• thermochemical cycles;
  • zinc;
  • tin oxide;
  • dissociation;
  • solar reactor;
  • kinetics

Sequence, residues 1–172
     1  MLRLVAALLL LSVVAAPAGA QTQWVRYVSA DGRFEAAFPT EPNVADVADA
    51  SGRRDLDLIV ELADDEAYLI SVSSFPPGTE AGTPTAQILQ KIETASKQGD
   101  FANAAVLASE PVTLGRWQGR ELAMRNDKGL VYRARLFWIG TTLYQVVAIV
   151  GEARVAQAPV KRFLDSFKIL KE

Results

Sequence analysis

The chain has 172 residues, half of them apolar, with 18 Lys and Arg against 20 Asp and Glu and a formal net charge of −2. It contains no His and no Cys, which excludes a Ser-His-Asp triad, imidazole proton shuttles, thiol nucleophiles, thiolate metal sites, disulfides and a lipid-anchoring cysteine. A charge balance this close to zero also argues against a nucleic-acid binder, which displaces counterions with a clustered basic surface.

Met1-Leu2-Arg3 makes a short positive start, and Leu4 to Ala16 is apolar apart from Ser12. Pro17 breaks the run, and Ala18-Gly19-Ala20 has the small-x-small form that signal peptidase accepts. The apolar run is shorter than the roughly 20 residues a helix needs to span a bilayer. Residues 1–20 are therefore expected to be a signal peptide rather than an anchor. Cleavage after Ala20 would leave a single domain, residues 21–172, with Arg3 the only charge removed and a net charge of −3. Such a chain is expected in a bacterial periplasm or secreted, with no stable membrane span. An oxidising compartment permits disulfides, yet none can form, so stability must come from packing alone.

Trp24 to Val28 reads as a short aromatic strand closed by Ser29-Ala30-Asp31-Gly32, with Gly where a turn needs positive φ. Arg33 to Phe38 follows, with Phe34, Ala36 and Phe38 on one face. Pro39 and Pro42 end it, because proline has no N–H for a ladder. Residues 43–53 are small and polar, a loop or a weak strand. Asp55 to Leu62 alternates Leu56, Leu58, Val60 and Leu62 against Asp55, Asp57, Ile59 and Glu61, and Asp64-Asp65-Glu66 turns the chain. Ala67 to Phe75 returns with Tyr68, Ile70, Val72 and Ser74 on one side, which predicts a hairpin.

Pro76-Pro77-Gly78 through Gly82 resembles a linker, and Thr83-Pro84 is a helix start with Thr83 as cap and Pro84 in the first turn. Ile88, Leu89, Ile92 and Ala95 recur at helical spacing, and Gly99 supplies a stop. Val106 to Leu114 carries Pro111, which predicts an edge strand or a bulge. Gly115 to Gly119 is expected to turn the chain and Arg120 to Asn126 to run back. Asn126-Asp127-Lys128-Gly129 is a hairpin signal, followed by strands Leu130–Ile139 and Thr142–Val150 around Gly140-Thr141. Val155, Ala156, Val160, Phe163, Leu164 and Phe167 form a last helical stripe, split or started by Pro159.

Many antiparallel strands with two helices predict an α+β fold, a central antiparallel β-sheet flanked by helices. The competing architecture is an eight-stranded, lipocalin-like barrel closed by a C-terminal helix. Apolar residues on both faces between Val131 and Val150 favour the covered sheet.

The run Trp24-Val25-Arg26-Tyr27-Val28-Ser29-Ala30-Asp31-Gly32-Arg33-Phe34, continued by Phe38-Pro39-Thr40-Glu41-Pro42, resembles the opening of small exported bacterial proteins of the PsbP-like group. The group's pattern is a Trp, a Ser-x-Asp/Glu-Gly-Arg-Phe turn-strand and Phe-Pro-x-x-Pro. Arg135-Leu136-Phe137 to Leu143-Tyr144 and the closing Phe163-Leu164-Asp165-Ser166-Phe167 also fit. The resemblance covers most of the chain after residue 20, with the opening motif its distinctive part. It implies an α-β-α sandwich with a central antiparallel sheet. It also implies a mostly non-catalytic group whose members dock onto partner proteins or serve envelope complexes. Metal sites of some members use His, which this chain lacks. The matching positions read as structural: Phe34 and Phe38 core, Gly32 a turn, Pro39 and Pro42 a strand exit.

The high-temperature thermal dissociation reaction of ZnO and SnO2 was investigated, as part of a two-step thermochemical water-splitting cycle for H2 production. A lab-scale solar reactor (1 kW) was designed, built, and operated for continuous dissociation of volatile oxides under reduced pressure. In this reactor, compressed oxide powders placed in a vertical ceramic cavity are irradiated by highly concentrated solar energy. The reactor design allows moving the reaction front for achieving continuous reactant feeding. ZnO and SnO2 thermal dissociations were successfully performed at about 1900 K, with the recovery of up to 50% of products as nanopowders with high specific surface area (in the range 20–60 m2/g) and with mass fractions of reduced species up to 48 wt % for Zn and 72 wt % for SnO. The performed O2 measurements confirmed the kinetics of ZnO dissociation and gave an activation energy of 380 ± 16 kJ/mol, based on an ablation regime of the ZnO surface. © 2010 American Institute of Chemical Engineers AIChE J, 2011